EPSRC Reference: 
EP/R013691/1 
Title: 
Applications of space filling curves to substitution tilings 
Principal Investigator: 
Whittaker, Dr M F 
Other Investigators: 

Researcher CoInvestigators: 

Project Partners: 

Department: 
School of Mathematics & Statistics 
Organisation: 
University of Glasgow 
Scheme: 
First Grant  Revised 2009 
Starts: 
01 June 2018 
Ends: 
31 May 2020 
Value (£): 
101,091

EPSRC Research Topic Classifications: 
Algebra & Geometry 
Mathematical Analysis 

EPSRC Industrial Sector Classifications: 
No relevance to Underpinning Sectors 


Related Grants: 

Panel History: 

Summary on Grant Application Form 
One of the most spectacular scientific discoveries of the late twentieth century was a new material that was neither crystalline nor amorphous. This created a paradigm shift in crystallography, and these alloys are now called quasicrystals. Quasicrystals are modelled mathematically by patterns called aperiodic tilings that lack symmetry in the usual sense, but still exhibit longrange order. The most famous example is due to Sir Roger Penrose, whose tiling exhibited the same `impossible' symmetry as the quasicrystals discovered by Professor Dan Shechtman. The research in this proposal initiates a new method of studying aperiodic tilings through dimension reduction.
The digital revolution has made profound advances in sending two and even threedimensional images from place to place by encoding them as a sequence of zeros and ones. The research in this proposal draws analogy with this except that the image is infinite and need not have pixels arranged in a locally systematic way. In particular, the research in this proposal initiates a similar type of encoding of an aperiodic tiling through the use of spacefiling curves; a type of fractal that was discovered in the late 18th century that helped to reshape our mathematical notions of size, area and volume. In much the same way as a video feed, some information is compressed through the encoding. However, we can still garner a vast amount of information about the original tiling, especially when the space filling curve comes from the underlying method used to define the tiling in the first place. Significantly, in the case of aperiodic tilings, all the geometric information about how tiles fit together is encoded in the digital sequence making it very easy to work with from a mathematical perspective; it is a purely combinatorial object.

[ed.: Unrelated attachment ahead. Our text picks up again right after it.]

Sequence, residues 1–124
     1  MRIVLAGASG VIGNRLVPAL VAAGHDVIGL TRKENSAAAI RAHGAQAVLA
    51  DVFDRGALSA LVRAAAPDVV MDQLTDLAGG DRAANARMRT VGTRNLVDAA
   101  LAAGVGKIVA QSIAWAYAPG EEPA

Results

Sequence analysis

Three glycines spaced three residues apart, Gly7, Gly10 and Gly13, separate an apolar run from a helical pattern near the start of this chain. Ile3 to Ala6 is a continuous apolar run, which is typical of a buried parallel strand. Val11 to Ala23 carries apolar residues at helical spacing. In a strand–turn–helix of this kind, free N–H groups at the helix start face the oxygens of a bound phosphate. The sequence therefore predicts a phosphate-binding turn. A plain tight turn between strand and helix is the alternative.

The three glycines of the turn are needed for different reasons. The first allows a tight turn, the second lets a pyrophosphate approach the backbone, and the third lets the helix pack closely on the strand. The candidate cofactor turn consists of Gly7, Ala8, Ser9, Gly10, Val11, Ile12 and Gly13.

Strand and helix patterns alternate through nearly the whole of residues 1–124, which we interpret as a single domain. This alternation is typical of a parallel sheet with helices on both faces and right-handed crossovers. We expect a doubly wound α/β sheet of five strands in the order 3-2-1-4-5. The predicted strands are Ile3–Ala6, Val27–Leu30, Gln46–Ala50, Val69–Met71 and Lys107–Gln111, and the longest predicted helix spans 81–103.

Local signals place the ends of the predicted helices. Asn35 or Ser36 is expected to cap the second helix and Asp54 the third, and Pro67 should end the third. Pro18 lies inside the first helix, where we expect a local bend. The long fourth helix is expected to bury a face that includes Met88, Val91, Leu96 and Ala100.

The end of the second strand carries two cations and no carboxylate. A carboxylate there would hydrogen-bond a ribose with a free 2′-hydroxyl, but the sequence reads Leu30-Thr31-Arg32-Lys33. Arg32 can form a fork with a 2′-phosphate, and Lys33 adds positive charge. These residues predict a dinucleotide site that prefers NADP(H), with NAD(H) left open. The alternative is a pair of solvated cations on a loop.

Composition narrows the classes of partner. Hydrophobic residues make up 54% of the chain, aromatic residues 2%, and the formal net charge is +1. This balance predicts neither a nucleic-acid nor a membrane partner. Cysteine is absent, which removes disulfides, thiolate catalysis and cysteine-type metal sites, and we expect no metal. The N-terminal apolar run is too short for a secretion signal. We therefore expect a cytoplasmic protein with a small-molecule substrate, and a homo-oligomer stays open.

To each aperiodic tiling we define a dynamical system that consists of a map on a topological space whose individual points are infinite tilings. It has been shown that this topological space is a Cantor set fibre bundle over a torus; that is, it is a donut with an arbitrary number of holes that has fractals emanating from every point on its surface. The bizarre nature of this space makes it extremely difficult to study. For this reason, topological and operator algebraic invariants have been the focus of research on tiling spaces. The programme of research outlined in this proposal gives a new attack on studying this dynamical system by studying the combinatorial space associated with the space filling curve, which is much simpler while retaining most information about the more complicated system.
The new approach taken in this proposal will have impact across research in aperiodic tiling theory, and even to the more general study of hyperbolic dynamical systems, operator algebras and fractal geometry.

Key Findings 
This information can now be found on Gateway to Research (GtR) http://gtr.rcuk.ac.uk

Potential use in nonacademic contexts 
This information can now be found on Gateway to Research (GtR) http://gtr.rcuk.ac.uk

Impacts 
Description 
This information can now be found on Gateway to Research (GtR) http://gtr.rcuk.ac.uk 
Summary 

Date Materialised 


Sectors submitted by the Researcher 
This information can now be found on Gateway to Research (GtR) http://gtr.rcuk.ac.uk

Project URL: 

Further Information: 

Organisation Website: 
http://www.gla.ac.uk